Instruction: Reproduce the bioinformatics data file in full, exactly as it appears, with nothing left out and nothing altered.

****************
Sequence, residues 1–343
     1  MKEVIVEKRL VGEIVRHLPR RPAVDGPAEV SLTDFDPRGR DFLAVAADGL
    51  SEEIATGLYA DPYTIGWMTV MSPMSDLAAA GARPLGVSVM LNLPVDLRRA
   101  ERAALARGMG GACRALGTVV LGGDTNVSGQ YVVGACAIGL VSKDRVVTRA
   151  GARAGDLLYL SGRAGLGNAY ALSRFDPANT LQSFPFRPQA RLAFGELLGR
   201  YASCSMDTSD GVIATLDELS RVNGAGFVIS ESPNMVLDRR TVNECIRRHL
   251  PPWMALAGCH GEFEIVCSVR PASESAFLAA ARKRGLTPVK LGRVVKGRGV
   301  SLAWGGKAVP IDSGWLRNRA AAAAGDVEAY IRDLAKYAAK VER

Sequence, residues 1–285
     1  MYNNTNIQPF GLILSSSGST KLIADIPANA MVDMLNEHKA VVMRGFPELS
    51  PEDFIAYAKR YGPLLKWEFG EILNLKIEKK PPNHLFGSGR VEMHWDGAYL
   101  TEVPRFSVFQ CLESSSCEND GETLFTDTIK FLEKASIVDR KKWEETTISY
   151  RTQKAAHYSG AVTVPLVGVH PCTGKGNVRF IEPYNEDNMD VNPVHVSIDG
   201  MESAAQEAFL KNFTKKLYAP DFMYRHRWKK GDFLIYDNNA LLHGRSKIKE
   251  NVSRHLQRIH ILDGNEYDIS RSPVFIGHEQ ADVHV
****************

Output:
Sequence, residues 1–343
     1  MKEVIVEKRL VGEIVRHLPR RPAVDGPAEV SLTDFDPRGR DFLAVAADGL
    51  SEEIATGLYA DPYTIGWMTV MSPMSDLAAA GARPLGVSVM LNLPVDLRRA
   101  ERAALARGMG GACRALGTVV LGGDTNVSGQ YVVGACAIGL VSKDRVVTRA
   151  GARAGDLLYL SGRAGLGNAY ALSRFDPANT LQSFPFRPQA RLAFGELLGR
   201  YASCSMDTSD GVIATLDELS RVNGAGFVIS ESPNMVLDRR TVNECIRRHL
   251  PPWMALAGCH GEFEIVCSVR PASESAFLAA ARKRGLTPVK LGRVVKGRGV
   301  SLAWGGKAVP IDSGWLRNRA AAAAGDVEAY IRDLAKYAAK VER

Sequence, residues 1–285
     1  MYNNTNIQPF GLILSSSGST KLIADIPANA MVDMLNEHKA VVMRGFPELS
    51  PEDFIAYAKR YGPLLKWEFG EILNLKIEKK PPNHLFGSGR VEMHWDGAYL
   101  TEVPRFSVFQ CLESSSCEND GETLFTDTIK FLEKASIVDR KKWEETTISY
   151  RTQKAAHYSG AVTVPLVGVH PCTGKGNVRF IEPYNEDNMD VNPVHVSIDG
   201  MESAAQEAFL KNFTKKLYAP DFMYRHRWKK GDFLIYDNNA LLHGRSKIKE
   251  NVSRHLQRIH ILDGNEYDIS RSPVFIGHEQ ADVHV